Get Out | Full Movie
- 1h 44m
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When Chris (Daniel Kaluuya), a young African-American man, visits his white girlfriend's (Allison Williams) family estate, he becomes ensnared in the more sinister, real reason for the invitation. At first, Chris reads the family's overly accommodating behavior as nervous attempts to deal with their daughter's interracial relationship, but as the weekend progresses, a series of increasingly disturbing discoveries lead him to a truth that he could have never imagined. This speculative thriller from Blumhouse (producers of The Visit, Insidious series and The Gift) and the mind of Jordan Peele (Key & Peele) is equal parts gripping thriller and provocative commentary.
© 2017 Universal Studios. All Rights Reserved.
Rotten Tomatoes® Score
Critics Consensus: Funny, scary, and thought-provoking, Get Out seamlessly weaves its trenchant social critiques into a brilliantly effective and entertaining horror/comedy thrill ride.
Mary Elizabeth Williams
By focusing the storyline on a particular form of racism -- the kind that's often disguised as pec...
June 25, 2017
J. R. Jones
Jordan Peele makes his directing debut with a horror movie that sticks closely to genre convention...
June 25, 2017
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Common Sense Media
Common Sense Says
Horror-thriller is surprising, shocking, timely, and funny.
What Parents Need to Know
Parents need to know that Get Out is a horror-thriller directed by Jordan Peele that tackles timely issues related to race in a very thoughtful way. In many ways it's an essential movie of its moment, but it's still got plenty of mature material, making it best for older teens and up. Violence isn't constant but is really brutal when it happens, with fighting, bashing with blunt objects, kicking, stabbing, guns, shooting, and lots of blood. There's also a gory surgery scene and a deer that's hit by a car and shown injured and bleeding. Language is strong, with many uses of "f--k," "motherf----r," "s--t," and the "N" word, as well as some very vivid sex talk. There's also kissing, and characters drink in social situations; minor characters are shown drunk, and a story is told about teen drinking. A major character is trying to quit smoking, though he's never seen in the act.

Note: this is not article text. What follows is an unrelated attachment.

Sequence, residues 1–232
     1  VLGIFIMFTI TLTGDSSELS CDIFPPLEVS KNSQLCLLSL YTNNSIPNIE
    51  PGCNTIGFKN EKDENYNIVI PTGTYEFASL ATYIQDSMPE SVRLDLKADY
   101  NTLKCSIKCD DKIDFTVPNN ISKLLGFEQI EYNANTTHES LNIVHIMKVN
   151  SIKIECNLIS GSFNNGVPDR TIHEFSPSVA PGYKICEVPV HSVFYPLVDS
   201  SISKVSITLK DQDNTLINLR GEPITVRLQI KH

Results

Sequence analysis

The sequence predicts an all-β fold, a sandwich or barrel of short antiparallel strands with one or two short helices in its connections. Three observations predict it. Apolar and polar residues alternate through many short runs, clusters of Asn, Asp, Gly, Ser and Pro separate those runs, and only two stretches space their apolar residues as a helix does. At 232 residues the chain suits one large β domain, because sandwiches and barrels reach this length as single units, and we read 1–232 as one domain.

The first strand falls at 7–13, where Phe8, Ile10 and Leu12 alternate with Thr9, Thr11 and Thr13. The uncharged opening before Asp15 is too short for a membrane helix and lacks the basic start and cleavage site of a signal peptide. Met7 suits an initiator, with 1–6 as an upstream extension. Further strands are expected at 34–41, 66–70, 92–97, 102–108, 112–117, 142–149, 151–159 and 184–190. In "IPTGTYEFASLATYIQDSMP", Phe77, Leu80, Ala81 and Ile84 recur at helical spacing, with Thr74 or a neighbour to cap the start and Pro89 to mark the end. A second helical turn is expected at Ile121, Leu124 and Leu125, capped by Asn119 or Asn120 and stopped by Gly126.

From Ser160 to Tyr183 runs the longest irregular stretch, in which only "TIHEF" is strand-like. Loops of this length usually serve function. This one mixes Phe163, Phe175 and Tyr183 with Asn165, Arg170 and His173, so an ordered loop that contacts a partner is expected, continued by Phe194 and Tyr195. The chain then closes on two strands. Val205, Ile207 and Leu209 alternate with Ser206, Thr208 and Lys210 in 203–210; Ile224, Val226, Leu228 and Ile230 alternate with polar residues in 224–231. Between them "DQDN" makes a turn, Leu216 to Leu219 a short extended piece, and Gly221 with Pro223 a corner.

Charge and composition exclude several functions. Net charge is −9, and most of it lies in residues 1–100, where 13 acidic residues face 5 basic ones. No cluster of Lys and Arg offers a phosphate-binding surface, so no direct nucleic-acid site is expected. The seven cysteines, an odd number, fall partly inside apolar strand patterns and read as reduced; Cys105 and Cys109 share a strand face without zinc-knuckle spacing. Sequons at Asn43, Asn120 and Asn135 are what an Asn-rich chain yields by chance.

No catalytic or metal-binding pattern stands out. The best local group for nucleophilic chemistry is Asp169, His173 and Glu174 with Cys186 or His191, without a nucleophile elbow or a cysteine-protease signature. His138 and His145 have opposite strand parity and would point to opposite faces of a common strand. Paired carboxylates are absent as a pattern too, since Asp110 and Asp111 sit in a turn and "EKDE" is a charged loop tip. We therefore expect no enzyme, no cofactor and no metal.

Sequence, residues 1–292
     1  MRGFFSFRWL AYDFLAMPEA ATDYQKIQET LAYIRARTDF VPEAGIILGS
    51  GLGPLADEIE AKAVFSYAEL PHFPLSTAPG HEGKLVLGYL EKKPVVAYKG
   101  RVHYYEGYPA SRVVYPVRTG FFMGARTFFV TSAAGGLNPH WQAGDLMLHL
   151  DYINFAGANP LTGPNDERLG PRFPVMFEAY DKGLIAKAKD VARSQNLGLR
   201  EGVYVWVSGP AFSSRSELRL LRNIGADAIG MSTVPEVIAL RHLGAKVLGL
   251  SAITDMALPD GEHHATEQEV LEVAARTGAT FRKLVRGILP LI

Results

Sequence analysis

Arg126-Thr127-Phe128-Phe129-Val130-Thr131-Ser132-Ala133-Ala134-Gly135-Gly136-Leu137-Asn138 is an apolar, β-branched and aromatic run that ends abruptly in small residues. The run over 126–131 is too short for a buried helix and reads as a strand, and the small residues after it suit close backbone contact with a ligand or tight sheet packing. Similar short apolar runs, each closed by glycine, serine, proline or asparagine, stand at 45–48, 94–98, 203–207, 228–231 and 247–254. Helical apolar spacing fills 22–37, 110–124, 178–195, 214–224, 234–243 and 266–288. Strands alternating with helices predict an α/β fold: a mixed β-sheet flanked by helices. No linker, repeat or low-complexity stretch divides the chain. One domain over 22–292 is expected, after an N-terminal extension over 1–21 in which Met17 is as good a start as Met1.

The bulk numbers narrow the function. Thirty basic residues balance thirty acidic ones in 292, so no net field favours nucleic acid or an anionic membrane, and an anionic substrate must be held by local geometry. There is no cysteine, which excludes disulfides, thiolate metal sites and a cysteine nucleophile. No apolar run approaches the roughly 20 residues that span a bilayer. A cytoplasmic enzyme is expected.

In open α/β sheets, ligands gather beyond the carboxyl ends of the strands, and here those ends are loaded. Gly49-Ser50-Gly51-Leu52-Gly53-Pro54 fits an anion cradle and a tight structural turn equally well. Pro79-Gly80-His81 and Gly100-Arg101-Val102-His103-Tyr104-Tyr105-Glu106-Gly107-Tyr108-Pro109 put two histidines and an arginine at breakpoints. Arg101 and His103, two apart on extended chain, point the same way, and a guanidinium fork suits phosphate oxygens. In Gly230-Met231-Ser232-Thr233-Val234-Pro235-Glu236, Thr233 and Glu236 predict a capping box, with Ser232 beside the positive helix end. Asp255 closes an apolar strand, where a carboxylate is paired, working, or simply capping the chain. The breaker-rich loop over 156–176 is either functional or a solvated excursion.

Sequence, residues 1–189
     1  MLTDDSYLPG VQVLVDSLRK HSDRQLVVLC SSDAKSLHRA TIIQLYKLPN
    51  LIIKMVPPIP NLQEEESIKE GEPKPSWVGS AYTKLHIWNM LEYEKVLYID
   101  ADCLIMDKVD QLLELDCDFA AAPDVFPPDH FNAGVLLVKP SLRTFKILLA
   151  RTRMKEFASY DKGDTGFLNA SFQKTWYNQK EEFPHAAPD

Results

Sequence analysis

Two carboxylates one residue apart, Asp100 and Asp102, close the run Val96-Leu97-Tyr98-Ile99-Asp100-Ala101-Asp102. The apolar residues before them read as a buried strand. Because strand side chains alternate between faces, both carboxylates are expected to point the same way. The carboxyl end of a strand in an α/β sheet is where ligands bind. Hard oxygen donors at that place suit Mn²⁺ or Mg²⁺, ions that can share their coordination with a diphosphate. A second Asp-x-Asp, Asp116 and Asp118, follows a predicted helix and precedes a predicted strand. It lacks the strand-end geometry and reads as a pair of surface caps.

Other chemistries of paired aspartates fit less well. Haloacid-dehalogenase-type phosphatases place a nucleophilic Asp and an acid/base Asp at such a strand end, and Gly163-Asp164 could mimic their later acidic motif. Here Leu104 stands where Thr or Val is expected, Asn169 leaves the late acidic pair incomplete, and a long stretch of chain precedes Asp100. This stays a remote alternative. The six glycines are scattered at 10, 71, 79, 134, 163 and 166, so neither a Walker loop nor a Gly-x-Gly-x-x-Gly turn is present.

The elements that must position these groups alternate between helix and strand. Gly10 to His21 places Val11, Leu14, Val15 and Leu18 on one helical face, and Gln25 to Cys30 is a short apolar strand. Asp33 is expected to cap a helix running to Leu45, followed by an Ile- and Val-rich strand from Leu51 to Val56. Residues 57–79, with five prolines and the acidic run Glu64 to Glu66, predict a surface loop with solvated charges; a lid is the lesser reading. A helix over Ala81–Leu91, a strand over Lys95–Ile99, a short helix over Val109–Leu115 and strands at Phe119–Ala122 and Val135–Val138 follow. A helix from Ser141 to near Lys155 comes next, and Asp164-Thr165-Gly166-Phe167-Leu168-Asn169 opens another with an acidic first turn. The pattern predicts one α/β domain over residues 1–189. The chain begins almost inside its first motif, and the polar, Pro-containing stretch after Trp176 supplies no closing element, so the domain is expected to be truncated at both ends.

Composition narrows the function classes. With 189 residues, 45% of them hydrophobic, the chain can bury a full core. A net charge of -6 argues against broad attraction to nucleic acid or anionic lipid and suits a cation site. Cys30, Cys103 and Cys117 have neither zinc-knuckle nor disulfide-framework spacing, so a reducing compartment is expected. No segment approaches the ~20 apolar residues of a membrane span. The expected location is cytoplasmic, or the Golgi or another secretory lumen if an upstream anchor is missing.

A Lot or A Little?
The parents’ guide to what’s in this movie.
Positive Role Models
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- Genre:Thriller, Horror, Mystery
- Release Date:February 24, 2017
- Highest Available for Purchase:4KLearn More